Radiation therapy has traditionally occupied a palliative role in the management of patients with primary and metastatic liver tumors. This has resulted from concerns about the side effects caused by irradiating the entire liver using standard radiotherapy techniques. Still, these tumors have demonstrated varied but promising degrees of sensitivity to irradiation, thus stimulating additional interest and research.
Over the past decade, technical advances in radiation therapy techniques have made it possible to deliver increasingly effective radiation treatments to tumor-bearing portions of the liver while sparing normal tissues. Termed hepatic radiosurgery, this treatment is precision-delivered in short courses with relatively few side effects.
Once patients are deemed appropriate candidates for radiosurgery (following evaluations by radiation and surgical oncologists), they are scheduled for implantation of tiny treatment planning seeds (called fiducials), an outpatient procedure done with local anesthesia under CT guidance. These fiducial seeds allow the computer-guided radiation unit (the Cyberknife® at Saint Francis Cancer Program) to accurately monitor and direct the treatment as it progresses, making appropriate adjustments for patient movement and breathing.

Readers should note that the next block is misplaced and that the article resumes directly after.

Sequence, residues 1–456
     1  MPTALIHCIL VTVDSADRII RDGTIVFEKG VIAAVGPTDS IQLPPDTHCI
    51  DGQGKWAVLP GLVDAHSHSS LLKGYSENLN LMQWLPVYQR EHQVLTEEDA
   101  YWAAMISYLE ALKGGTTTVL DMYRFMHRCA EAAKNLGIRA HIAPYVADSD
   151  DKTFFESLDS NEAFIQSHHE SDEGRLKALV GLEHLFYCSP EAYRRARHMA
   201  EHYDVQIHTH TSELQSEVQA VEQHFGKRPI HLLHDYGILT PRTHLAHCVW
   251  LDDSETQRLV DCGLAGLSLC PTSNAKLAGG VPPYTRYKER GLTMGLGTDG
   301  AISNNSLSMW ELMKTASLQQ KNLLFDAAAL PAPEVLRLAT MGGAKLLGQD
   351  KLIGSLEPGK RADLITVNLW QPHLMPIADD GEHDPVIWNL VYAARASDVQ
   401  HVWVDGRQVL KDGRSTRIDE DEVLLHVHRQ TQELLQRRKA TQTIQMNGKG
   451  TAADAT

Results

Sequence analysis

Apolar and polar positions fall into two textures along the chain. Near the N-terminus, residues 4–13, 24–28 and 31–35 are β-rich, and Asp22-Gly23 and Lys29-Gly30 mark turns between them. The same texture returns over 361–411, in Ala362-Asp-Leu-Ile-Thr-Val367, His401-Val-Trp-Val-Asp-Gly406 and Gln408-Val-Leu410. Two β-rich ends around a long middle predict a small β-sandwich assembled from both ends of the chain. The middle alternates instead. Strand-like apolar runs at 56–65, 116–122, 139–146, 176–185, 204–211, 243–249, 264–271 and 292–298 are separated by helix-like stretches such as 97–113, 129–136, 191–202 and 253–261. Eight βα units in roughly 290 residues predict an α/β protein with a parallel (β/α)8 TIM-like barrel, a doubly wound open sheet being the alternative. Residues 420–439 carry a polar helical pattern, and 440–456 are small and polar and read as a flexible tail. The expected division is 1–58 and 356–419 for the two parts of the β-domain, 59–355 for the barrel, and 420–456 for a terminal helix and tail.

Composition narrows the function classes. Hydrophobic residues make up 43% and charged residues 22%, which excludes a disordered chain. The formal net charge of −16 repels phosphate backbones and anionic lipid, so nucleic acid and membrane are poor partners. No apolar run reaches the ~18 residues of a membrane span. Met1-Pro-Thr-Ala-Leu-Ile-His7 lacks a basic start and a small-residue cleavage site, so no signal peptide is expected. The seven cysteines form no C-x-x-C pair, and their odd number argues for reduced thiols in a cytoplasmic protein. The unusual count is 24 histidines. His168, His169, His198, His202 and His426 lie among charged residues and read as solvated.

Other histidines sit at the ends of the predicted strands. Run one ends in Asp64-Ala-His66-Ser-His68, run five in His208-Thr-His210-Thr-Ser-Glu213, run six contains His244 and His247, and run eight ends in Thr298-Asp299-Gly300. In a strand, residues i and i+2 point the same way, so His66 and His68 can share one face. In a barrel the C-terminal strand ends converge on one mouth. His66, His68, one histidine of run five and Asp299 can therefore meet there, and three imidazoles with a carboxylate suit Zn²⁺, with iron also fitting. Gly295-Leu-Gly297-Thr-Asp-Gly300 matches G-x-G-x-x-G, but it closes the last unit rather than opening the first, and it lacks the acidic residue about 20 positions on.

The preliminary data evaluating the effectiveness of this exciting new modality suggest that its ability to completely destroy liver tumors rivals that of the more traditional approaches such as surgery or cryotherapy. Still, not all patients are candidates for hepatic radiosurgery, appealing to patients as it may seem. They may instead, be counseled to pursue treatments more appropriate for their individual situation.